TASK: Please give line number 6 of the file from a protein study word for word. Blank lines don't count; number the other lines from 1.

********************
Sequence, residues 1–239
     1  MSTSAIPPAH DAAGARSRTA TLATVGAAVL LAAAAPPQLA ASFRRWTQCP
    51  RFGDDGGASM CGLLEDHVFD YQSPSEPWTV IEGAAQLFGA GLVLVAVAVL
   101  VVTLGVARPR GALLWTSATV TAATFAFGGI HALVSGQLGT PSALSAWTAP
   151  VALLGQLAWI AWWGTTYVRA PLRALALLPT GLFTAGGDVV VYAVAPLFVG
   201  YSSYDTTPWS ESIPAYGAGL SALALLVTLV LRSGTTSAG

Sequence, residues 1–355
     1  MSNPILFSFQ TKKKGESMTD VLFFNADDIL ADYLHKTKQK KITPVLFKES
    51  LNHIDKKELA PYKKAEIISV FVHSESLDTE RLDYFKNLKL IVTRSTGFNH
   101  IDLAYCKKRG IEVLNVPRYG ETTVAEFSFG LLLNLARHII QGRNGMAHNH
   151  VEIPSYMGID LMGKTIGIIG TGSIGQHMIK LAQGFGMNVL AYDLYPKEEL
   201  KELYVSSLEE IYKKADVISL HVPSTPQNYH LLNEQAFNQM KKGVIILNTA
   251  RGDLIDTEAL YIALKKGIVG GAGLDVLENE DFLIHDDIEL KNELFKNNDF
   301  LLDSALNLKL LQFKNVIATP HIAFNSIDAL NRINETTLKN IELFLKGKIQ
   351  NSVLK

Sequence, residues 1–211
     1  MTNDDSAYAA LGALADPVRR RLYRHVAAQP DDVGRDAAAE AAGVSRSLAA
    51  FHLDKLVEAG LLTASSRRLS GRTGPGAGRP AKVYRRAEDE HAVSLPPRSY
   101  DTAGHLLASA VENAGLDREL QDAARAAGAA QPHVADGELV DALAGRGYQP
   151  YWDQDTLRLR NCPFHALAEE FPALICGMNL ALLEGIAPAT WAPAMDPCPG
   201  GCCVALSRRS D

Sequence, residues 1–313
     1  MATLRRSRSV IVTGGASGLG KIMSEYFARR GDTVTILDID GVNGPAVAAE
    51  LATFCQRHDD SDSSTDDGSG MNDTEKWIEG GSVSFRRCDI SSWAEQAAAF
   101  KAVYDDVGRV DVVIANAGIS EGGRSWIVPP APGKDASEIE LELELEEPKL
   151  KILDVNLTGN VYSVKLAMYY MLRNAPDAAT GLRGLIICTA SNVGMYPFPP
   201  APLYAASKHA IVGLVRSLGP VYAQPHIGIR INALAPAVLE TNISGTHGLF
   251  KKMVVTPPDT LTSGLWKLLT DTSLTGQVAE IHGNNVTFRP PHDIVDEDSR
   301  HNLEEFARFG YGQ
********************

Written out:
   201  YSSYDTTPWS ESIPAYGAGL SALALLVTLV LRSGTTSAG